Yesterday, disgraced former Broward County deputy Scot Peterson was arrested and charged with seven counts of neglect of a child, three counts of culpable negligence and one count of perjury. The charges resulted from his failure to engage the shooter at Marjory Stoneman Douglas High School last year as 17 people were murdered inside the building while Peterson remained outside.
The neglect and negligence charges could prove difficult to successfully prosecute. In cases such as Warren v. District of Columbia, Castle Rock v. Gonzales and DeShaney v. Winnebago County, courts have ruled that police have no constitutional duty to protect citizens. Those precedents have been used to dismiss civil suits against Peterson, former Broward Captain Jan Jordan and former Broward County Sheriff Scott Israel, among others.
Then there’s the perjury charge. According to various reports, Peterson allegedly told investigators under oath that he didn’t hear the gunfire inside the school that day. That claim is contradicted by security video and his own radio calls as the shooting took place.
Peterson is being held pending a $102,000 bond and surrender of his passport. Here’s the AP’s report . . .
By CURT ANDERSON
FORT LAUDERDALE, Fla. (AP) — A former deputy assigned to the Florida high school where 17 people were fatally shot will have to stay in jail for now on charges of child neglect and negligence for failing to intervene.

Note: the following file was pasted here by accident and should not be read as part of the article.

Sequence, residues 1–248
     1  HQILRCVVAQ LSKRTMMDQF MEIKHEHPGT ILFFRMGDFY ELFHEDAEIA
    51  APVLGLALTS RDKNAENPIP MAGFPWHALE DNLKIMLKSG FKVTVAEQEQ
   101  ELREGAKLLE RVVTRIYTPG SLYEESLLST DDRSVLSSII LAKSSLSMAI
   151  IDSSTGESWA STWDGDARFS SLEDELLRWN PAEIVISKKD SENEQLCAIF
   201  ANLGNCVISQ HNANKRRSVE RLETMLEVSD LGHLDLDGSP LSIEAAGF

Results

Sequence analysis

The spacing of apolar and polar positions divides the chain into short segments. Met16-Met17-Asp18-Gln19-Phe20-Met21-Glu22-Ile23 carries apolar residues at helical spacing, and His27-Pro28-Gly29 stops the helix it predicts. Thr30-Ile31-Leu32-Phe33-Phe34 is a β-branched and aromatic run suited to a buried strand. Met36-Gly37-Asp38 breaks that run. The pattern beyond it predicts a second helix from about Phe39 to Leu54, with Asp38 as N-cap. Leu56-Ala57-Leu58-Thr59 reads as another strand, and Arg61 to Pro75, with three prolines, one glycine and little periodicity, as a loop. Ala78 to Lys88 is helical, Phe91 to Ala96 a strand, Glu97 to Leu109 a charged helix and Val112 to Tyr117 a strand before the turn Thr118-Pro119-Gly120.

Broward Judge Jackie Powell ruled Wednesday that Scot Peterson must first surrender the passport, which is now at his home in North Carolina, before being released on a bond set at $102,000. He must also show the court that he has collateral, such as real estate, before he gets out of jail.
Peterson, wearing beige jail garb, stood silently with his hands cuffed during the hearing, which followed his arrest Tuesday on 11 charges.
Peterson was the officer assigned to Marjory Stoneman Douglas High School but never went inside as the gunman opened fire in hallways and classrooms. The Florida Department of Law Enforcement determined through a 14-month investigation that he “did absolutely nothing to mitigate” the shooting.
Defense attorney Joseph DiRuzzo III said Peterson is being made a scapegoat. He called the charges “a thinly veiled attempt at politically motivated retribution.”
He said he believes the bond issue will be worked out quickly. “Of course, Mr. Peterson expects to be treated fairly just like every other person,” he said.
After the shooting, Peterson, 56, took retirement rather than accept a pension. Broward Sheriff Gregory Tony said he’s now been formally fired, adding, “it’s never too late for accountability and justice.”
Peterson also is charged with perjury over a statement he gave under oath to investigators, contending that he didn’t hear any shots fired after taking up his position outside the school. Investigators determined through video, witnesses and other evidence that this was not true.